Which would you rather have a squadron of: poutine or corgis?
Corgis. I love poutine, but I don’t think it would make a very good squadron. Corgis, on the other hand, can be pretty fierce (I say as my own corgi is passed out snoring beside me). People tend to think of them as small dogs, but secretly, they’re big dogs with no legs. And if you get between them and food…well you can forget about it.
Is there a soundtrack/playlist for the Glitter Squadron?
Funny you should ask! I was just thinking about what song each member of the squadron might listen to in order to get pumped up before a fight. So I went ahead and put one together, and you can find it here.
What does the future hold for the Glitter Squadron?
The Glitter Squadron fans out there (if there are any) may be pleased to know that there are at least three more stories rattling around in my head. I haven’t done anything with them yet, other than make tons of notes, so I’m not entirely sure whether they’re short story length things, longer pieces, or if any of them will ever see the light of day. I am quite enamored of my beautiful, glittering ladies however, and thrilled to keep chronicling their stories as long as they keep telling them to me.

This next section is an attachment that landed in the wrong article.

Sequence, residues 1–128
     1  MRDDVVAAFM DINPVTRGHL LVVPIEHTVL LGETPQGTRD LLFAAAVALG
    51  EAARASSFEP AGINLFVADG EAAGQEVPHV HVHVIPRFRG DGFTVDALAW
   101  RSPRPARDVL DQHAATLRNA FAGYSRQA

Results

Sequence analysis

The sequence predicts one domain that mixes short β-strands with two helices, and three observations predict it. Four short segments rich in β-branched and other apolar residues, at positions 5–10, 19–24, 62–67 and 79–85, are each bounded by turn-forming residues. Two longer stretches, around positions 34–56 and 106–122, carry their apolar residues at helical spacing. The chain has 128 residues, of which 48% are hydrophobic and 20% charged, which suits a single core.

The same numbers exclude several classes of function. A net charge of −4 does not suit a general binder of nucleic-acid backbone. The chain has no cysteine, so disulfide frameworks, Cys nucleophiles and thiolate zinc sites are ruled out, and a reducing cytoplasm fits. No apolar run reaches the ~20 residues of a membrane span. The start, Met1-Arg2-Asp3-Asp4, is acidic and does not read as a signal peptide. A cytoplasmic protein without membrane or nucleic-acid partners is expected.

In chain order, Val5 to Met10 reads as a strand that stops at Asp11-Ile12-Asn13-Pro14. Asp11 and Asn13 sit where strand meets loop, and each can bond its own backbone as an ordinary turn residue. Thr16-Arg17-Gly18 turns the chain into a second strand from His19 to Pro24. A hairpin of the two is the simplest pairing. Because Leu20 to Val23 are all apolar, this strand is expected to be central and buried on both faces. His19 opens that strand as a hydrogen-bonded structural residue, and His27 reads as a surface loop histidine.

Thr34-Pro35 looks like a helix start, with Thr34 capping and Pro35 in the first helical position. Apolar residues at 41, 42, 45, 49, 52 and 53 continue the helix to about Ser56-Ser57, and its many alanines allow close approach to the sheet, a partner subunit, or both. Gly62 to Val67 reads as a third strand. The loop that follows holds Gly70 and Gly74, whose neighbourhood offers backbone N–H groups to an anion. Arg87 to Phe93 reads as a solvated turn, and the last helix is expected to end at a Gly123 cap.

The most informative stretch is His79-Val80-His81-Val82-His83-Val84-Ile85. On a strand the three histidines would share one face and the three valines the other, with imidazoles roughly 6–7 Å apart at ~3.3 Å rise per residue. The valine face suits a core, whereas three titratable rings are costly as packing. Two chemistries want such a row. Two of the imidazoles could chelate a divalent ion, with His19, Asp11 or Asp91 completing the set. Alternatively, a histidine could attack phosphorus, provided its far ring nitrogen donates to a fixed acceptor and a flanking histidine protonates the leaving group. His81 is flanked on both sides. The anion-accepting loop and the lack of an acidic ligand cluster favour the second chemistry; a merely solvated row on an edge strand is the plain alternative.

Now that you’ve had a taste of what the Glitter Squadron is all about, don’t you want a customized cocktail recipe of your very own? All you have to do is use the Glitter Squadron name generator to create your drag name/cocktail name, and drop your results in the comments.
A winner will be chosen at random, and the Glitter Squadron’s bartender supreme, Sapphire, will create a drink recipe for you based on the name. But wait, there’s more! You’ll receive the recipe on a Glitter Squadron coaster along with a glittery flask so you can take the party with you wherever you go. Contest closes on Monday, October 26!
Tell us about your first fiction sale; what was that like? Did you spend the money on anything special?
I think my first sale was in late 2009 or early 2010 to Bards & Sages Quarterly. I know my first professional sale was in 2011 to Daily Science Fiction, and in both cases, I’m certain I spent the money on books.